As famous as he is, I’m sure most people never give much thought to the man behind the Twilight Zone episodes except to acknowledge his genius. I certainly never thought of him as a husband or father; Rod Serling was just the man who guided viewers to another dimension.

Reading “As I Knew Him” pulled back the curtains and showed me the man behind the icon – the child of hardworking parents, the brave paratrooper for whom the war never really ended, the fighter for social justice and equality, the writer who weaved his life experiences into art and entertainment and most importantly, the family man whose priorities never seemed to shift from those he loved.

It’s really an excellent biography. Very emotional.

Stephen: By far my favorite is

The Power Broker by Robert Caro

One of may favorite non fiction books of all time

Both books are so informative and interesting. You can tell that William Manchester admired Churchill tremendously. Although I didn’t feel that the third volume reflected Manchesters admiration, it was completed after his death using his notes but missing the warmth.

Agatha Christie’s autobiography was wonderful, I learned a lot about her. Her life was so full of life!

William: free france’s lion; the life of philippe Leclerc DEGAULLE’S GREATEST GENERAL

Cathy: A book that has always stuck in my mind is The Survival of Jan Little, by John Man. Originally published in 1986, this fascinating autobiography follows a woman and her daughter as they leave the US to live in the Amazon with a man that Jan has met. The primitive conditions that these three people live in and the remoteness from any form of civilization leaves you wondering how this woman survived the way she did. The book will have you reading with your mouth open, shaking your head, or maybe both at the same time.-

Linda: I am an avid reader, but don’t really like autobiography or biography books. I remember reading a book on Anne Frank and Amelia Earhardt in my teens, but once I got out of school I did not read them anymore. Just don’t really like them. As an adult, the only two that might come close are “Killing Lincoln” and “Killing Kennedy” by O’Reilly. Found them both fascinating and good. I prefer my reading to be my escape from reality. Hardly ever read non-fiction. My latest reads were the “Outlander” series. Finally finished them. Must say I was disappointed in the last 3. Found too much of it boring and bringing in too many characters to the story. At 1,000+ pages they were a struggle to get through. Now reading “The Widow” by Barton and am happy to be out of Jamie and Clare’s story. Looking forward to a lot of books that I have collected and waiting for me on my shelves. Thank you once again for some excellent ideas. I have not been disappointed yet by one of your recommendations.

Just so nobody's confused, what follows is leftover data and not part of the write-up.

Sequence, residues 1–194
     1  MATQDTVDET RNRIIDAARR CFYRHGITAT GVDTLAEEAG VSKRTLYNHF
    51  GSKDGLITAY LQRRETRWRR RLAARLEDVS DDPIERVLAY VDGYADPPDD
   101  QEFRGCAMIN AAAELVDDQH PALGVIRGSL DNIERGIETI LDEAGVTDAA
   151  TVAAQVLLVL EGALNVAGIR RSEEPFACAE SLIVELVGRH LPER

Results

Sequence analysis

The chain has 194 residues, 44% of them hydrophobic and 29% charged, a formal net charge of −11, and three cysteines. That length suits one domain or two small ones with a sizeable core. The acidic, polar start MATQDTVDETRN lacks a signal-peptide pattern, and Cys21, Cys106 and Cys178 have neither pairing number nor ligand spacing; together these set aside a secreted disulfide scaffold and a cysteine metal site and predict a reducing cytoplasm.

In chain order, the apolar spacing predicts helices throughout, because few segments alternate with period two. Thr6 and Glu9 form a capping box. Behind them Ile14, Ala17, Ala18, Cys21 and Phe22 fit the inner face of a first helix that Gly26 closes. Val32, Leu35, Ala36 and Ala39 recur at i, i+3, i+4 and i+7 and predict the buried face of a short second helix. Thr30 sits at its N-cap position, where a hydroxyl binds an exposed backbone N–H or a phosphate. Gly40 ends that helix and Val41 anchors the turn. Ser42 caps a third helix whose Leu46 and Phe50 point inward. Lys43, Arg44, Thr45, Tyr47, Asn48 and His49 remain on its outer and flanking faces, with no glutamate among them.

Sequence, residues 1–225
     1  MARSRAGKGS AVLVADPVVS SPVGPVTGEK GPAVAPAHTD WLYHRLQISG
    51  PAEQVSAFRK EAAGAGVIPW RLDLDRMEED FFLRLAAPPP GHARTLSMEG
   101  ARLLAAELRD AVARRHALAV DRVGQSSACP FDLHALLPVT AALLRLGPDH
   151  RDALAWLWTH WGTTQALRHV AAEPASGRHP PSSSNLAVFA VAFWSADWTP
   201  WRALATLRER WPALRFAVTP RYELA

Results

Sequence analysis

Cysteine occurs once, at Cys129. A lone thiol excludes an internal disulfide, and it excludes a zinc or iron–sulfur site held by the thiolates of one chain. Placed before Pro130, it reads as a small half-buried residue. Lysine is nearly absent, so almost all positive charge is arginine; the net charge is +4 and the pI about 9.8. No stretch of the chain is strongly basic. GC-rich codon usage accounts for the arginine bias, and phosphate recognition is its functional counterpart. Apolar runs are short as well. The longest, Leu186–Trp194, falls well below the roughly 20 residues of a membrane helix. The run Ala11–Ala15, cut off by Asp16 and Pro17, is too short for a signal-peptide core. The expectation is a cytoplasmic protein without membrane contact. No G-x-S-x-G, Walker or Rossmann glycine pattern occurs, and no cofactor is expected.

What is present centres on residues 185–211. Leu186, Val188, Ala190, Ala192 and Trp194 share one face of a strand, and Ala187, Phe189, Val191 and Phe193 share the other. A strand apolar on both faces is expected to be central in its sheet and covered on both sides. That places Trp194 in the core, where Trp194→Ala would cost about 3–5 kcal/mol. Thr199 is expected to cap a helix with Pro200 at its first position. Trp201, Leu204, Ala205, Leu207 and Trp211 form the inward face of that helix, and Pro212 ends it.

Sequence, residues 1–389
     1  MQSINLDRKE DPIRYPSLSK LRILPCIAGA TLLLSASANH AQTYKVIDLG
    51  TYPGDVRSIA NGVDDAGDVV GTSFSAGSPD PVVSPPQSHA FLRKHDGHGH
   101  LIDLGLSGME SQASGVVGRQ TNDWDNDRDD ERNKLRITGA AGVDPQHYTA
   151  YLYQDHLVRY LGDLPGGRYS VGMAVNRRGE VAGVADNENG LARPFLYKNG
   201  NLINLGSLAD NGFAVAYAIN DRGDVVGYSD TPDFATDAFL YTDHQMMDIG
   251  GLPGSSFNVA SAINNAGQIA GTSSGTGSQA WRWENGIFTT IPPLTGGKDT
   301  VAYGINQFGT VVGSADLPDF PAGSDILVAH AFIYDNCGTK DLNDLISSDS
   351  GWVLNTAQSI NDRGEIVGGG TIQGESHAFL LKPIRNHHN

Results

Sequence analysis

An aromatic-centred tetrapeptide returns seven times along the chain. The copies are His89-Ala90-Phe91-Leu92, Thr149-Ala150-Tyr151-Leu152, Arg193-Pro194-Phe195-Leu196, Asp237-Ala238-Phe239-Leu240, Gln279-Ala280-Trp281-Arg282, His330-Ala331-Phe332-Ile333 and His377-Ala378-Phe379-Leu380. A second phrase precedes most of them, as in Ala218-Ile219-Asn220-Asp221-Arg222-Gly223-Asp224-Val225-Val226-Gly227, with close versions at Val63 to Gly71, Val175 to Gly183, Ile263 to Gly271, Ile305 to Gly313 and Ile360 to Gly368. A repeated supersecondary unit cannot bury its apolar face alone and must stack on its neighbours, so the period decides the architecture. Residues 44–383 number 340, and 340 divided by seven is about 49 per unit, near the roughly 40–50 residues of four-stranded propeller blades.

Joanna: I Never Had it Made, by Jackie Robinson!

I tend to read a lot of Historical Fiction, with contemporary fiction (Jodi Picoult, etc, as a palate cleanser)…I think I’ve sent you lists of series I’ve enjoyed and re-read…couldn’t think of another autobiography I’d recommend.

Tom: Favorite biography: Peter Ackroyd’s life of Sir Thomas More. He tells More’s story as a Londoner (Ackroyd’s passion is London) and a transitional figure in the history of the West, as More defends the centrality of faith while Henry VIII advances the power of monarchy. It’s great through and through but I defy any reader not to be hooked by the opening tour de force where Ackroyd describes what it was like to be born in London in the Middle Ages. A masterpiece.

Chrisse: biography of sorts I loved back in the day: A Man by Oriana Fallaci. Female journalist interviews Muammar Gaddafi and it upends her life in unexpected ways.

Also a terrific autobiography is Personal History by Katharine Graham, who had the role of publisher of her family’s paper, the Washington Post, thrust upon her when her husband (the publisher at the time) takes his life. A fascinating tale of a child of high privilege making her way to becoming one of the most powerful women in the country, and overseeing one of that century’s most controversial stories, the Pentagon Papers.

And I just finished You Don’t Have To Say You Love Me by Sherman Alexie – a stunning portrait of his love/hate relationship with his mother. This is just a terrific, terrific book – full of love, heartbreak, poetry and a compelling narrative of reservation life and its effects on those who live there and those who leave.